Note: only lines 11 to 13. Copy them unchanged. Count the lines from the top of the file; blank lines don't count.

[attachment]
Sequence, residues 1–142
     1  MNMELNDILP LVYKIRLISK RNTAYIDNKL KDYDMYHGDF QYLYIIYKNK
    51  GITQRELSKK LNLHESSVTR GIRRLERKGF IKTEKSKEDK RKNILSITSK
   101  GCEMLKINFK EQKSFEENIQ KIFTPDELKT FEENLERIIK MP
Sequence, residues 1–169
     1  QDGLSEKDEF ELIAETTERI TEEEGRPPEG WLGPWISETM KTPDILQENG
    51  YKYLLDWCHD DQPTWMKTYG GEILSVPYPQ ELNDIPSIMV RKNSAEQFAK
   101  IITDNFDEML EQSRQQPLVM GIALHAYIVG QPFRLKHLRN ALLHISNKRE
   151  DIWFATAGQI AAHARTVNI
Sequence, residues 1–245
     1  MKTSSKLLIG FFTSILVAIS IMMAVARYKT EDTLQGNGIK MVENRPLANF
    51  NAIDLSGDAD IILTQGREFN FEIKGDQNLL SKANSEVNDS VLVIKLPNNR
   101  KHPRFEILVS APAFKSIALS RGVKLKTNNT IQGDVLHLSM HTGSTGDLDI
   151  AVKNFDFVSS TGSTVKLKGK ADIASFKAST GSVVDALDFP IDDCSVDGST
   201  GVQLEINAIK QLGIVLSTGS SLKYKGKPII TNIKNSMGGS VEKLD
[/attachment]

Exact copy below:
     1  MKTSSKLLIG FFTSILVAIS IMMAVARYKT EDTLQGNGIK MVENRPLANF
    51  NAIDLSGDAD IILTQGREFN FEIKGDQNLL SKANSEVNDS VLVIKLPNNR
   101  KHPRFEILVS APAFKSIALS RGVKLKTNNT IQGDVLHLSM HTGSTGDLDI